Looking for 語言 (Language): Video Portrait by Paula Leonvendagar, Sejo Vega-Cebrián, Anne-Michelle Gallero
From the very moment that we started talking about what we were going to do for this 4-week video project, Paula, Sejo and I were all in agreement that we wanted to do a documentary style portrait. That following Sunday after we formed our group, we went to the PBS POV Digital Lab NYC to get some inspiration. It was eye-opening to see how people were adding interactivity to their video projects and documentaries, like using VR, 360-degree cameras or just having the viewers choose storylines to follow.
Our next step was to choose a subject that everyone in the group would be excited about. We all brought some ideas of possible portraits ranging from a NYC waitress/actress/writer, reporter/editor, a homeless person to Ken Perlin, an NYU professor for Computer Science who created a computer graphic’s texture used in the movie, Tron. Sejo didn’t get a response from Perlin in time before the storyboard deadline, so we sadly didn’t pursue that route. Paula did have a really interesting conversation with a classmate which lead to the subject of our video, an anonymous portrait in Chinatown. ITP has a large population of foreign students, living in NYC and even the United States for the first time. It was something that we wanted to explore and that some of us (as international students) can relate to. Our storyboards were made up of all these different places that were visual and colorful pockets of New York’s Chinatown. Our subject had only been living there for a month or so, and the area was fairly new to her.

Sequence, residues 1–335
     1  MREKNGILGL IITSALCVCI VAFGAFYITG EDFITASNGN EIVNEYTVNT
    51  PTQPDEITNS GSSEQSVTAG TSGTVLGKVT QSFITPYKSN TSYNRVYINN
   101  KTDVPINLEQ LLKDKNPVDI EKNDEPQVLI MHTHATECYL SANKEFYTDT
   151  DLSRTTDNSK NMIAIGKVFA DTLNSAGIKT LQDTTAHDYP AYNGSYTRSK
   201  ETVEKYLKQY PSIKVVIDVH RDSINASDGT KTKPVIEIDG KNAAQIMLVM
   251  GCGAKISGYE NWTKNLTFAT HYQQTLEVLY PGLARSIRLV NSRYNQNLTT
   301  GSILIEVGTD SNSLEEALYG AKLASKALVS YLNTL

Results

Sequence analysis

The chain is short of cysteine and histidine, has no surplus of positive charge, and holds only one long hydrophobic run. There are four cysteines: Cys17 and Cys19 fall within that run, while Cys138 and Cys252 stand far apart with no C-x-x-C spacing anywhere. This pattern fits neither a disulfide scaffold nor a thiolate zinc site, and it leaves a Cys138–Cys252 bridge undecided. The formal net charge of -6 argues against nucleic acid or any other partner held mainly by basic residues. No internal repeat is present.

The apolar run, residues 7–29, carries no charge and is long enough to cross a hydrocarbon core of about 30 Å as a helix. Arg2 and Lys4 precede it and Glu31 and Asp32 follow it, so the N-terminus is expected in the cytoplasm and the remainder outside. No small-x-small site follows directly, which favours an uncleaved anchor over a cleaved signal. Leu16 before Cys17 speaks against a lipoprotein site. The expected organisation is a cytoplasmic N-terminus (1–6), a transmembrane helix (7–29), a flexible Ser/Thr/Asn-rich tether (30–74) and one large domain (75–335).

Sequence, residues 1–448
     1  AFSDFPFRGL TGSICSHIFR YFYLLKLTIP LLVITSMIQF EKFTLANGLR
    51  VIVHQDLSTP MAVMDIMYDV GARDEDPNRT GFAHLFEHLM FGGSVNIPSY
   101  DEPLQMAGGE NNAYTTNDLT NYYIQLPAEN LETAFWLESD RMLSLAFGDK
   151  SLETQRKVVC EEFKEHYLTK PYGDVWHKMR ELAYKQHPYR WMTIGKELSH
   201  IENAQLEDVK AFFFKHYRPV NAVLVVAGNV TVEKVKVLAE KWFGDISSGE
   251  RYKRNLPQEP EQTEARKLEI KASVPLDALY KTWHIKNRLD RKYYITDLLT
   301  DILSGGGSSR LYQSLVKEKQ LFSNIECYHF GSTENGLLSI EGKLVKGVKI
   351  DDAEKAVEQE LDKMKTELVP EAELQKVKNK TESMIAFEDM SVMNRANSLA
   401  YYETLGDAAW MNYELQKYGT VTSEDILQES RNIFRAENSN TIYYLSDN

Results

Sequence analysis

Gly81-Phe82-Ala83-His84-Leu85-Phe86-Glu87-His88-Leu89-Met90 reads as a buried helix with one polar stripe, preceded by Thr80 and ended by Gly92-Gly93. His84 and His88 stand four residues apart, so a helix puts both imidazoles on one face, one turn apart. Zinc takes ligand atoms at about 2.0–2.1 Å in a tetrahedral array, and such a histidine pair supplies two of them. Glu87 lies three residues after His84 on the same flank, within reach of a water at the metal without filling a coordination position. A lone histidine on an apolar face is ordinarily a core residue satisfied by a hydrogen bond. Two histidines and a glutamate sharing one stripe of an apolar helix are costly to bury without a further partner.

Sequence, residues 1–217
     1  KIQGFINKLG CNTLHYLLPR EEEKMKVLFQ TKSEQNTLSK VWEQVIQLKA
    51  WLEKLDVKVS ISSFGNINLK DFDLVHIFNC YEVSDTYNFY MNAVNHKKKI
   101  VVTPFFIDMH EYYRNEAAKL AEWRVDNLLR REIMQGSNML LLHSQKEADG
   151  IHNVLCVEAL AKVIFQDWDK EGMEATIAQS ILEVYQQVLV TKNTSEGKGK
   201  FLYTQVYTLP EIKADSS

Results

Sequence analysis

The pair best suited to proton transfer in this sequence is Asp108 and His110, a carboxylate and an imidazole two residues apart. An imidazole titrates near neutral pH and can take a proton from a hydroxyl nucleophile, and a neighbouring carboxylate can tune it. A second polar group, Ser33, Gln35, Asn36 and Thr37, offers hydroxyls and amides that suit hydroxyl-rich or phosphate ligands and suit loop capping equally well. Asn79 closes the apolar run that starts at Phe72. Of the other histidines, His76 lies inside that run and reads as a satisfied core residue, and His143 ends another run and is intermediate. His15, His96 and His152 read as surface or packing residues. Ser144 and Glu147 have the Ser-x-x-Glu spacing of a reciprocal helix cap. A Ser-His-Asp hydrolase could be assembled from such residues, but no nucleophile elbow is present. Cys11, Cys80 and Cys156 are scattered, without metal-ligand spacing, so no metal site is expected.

During filming, we decided to use two Canon 5D cameras for handheld use with a 50mm lens and another for a tripod with a 24-105mm lens. We were moving around the city pretty fast at night and using a handheld was really helpful in capturing the spontaneous moments. We were following our subject around Chinatown after her long day of classes and went where she wanted to go. Because of this, our storyboards went a little off script but it was her walk around town.
We had so much video that we shot and I commend Sejo and Paula for editing the piece down to shape and clarify the story. After getting feedback from the rough cut without sound, it was good to hear everyone’s opinions on the pacing and creating some quieter moments in this busy piece.
With all the material that we collected that night, we could work on this video forever, but this really was a 4-week crash course in video and Adobe Premiere editing. I do plan on watching the watching the 10-hour Premiere tutorial on lynda.com at a more leisurely pace. And Marina’s slides are awesome and quick sources to use cause I do plan on pursuing these mediums of storytelling. When I was an undergrad, I majored in Visual Arts concentrating on filmmaking and photography, but didn’t end up doing that as a career after college. It was good to get behind the cameras again cause it was something that I loved to do, but haven’t had the opportunity to do. Although the footage that I shot from my first shoot was a little shaky and sometimes out of focus, I was definitely more conscientious about learning from my mistake. When I shot additional footage on a second outing, I figured out how to move the camera steadier and had my fingers constantly adjusting the lens for better focus. I also worked with a curious and talented group that gave lots of encouragement during the process to be creative and to learn while having some celebratory moments over Tsingtao and soup dumplings.
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